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Last Updated: Thursday, 20 October 2005, 19:13 GMT 20:13 UK
Irish team sent to free reporter
Rory Carroll (Guardian handout/PA)
Guardian reporter Rory Carroll has been in Iraq for nine months
The Irish government is sending a team of officials to Baghdad to try to secure the release of kidnapped Guardian journalist Rory Carroll.

The Dublin-born correspondent, 33, is reported to have been taken by armed men while on assignment in Baghdad.

Ireland's ambassador to Finland - a former ambassador to Iraq - will lead the five-person delegation.

Ireland's foreign affairs minister said the move was intended to emphasise Mr Carroll's Irish citizenship.

Graduate of Trinity College, Dublin
Joined Irish News in Belfast
1997 Northern Ireland young journalist of the year
Joined Guardian as home news reporter
Made South Europe correspondent in 1999
Was South Africa correspondent before going to Iraq nine months ago

The Irish ambassador leading the delegation, Antoin MacUnfraidh, will be accompanied by two Irish army officers, a senior police officer and another Department of Foreign Affairs official.

Foreign Affairs Minister Dermot Ahern said: "This is as high-powered a team as we can send out.

"We are determined to do everything we can to secure Rory's release."

Three arrested

Three men arrested at the Baghdad house where Mr Carroll was reportedly snatched on Wednesday are being questioned.

It was something we had been secretly dreading. We were hoping it would never happen
Joe Carroll
Rory Carroll's father

The commander of the Iraqi special forces involved in the search told BBC News his men were doing all they could to free Mr Carroll.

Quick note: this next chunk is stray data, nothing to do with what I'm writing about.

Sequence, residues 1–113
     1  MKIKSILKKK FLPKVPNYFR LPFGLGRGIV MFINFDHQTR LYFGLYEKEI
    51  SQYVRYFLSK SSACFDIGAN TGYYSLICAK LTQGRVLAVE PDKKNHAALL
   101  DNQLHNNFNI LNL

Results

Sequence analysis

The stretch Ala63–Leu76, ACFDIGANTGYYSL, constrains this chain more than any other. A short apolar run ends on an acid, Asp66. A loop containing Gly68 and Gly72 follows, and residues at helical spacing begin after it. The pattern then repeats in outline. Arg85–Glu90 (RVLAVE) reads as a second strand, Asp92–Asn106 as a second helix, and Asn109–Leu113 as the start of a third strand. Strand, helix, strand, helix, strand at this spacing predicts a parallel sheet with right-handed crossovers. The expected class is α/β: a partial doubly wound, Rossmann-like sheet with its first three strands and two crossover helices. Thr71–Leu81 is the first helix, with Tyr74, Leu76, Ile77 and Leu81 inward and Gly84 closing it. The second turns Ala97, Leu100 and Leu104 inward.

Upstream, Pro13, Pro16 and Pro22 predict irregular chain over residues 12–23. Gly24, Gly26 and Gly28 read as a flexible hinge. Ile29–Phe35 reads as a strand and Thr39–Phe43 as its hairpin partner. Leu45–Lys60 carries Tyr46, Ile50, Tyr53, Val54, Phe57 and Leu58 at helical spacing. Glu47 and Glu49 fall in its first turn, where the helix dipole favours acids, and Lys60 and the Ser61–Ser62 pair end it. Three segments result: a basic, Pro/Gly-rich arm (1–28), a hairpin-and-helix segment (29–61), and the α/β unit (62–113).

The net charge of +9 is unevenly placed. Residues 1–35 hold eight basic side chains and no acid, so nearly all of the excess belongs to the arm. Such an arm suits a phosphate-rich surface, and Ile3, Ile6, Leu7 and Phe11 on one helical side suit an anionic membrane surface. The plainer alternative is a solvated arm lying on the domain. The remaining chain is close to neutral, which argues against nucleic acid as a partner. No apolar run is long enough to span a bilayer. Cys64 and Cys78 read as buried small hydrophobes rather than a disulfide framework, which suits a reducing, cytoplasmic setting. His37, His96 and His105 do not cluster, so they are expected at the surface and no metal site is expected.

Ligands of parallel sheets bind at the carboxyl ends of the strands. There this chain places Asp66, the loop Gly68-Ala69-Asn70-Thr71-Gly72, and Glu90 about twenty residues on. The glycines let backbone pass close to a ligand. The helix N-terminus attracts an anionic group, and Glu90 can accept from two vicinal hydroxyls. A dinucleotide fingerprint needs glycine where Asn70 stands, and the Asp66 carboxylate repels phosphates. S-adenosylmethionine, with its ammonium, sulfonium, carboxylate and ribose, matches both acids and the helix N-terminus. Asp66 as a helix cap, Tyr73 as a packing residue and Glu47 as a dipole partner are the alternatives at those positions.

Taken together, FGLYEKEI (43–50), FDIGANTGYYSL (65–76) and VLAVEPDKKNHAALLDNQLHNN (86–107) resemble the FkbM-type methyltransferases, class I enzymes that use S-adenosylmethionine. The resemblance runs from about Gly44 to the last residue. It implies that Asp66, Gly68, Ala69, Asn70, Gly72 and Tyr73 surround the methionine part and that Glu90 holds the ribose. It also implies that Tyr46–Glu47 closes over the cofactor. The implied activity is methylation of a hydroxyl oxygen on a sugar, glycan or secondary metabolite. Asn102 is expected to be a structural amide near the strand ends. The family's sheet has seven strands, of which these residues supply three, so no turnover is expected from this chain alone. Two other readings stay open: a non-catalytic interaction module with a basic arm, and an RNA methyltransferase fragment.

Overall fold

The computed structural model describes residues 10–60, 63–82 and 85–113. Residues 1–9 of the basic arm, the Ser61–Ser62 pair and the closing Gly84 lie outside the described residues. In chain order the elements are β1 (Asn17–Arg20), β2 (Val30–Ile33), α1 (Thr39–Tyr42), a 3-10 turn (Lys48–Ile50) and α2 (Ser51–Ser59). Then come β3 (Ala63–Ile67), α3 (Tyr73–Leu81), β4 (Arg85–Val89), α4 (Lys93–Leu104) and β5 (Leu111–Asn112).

But he did not know which group was holding the journalist or what they wanted.

The Guardian said Mr Carroll had been in Baghdad with two drivers and an interpreter to interview a victim of Saddam Hussein's regime when he was kidnapped.

As he left the house where the interview had taken place, he was confronted by gunmen and he and one of the drivers bundled into a car. The driver was released about 20 minutes later.

A relative of the interviewee told BBC News they had had nothing to do with the kidnapping.

Guardian editor Alan Rusbridger said staff at the paper were "deeply concerned" for Mr Carroll.

"We urge those holding him to release him swiftly - for the sake of his family and for the sake of anyone who believes the world needs to be kept fully informed about events in Iraq today."

'Played it down'

The Irish Anti-War Movement has also called for Mr Carroll's release and said it would be contacting anti-occupation groups in Baghdad.

The journalist's father, Joe, told the BBC: "It was something we had been secretly dreading. We were hoping it would never happen."

Mr Carroll said his son had received specialised training for such situations.

"He knew we were worried but he used to reassure us and say it wasn't as dangerous as people outside think and if you observed basic rules of security, you'd be okay," he said.

"We knew he was playing it down for our sake. It was obvious danger."

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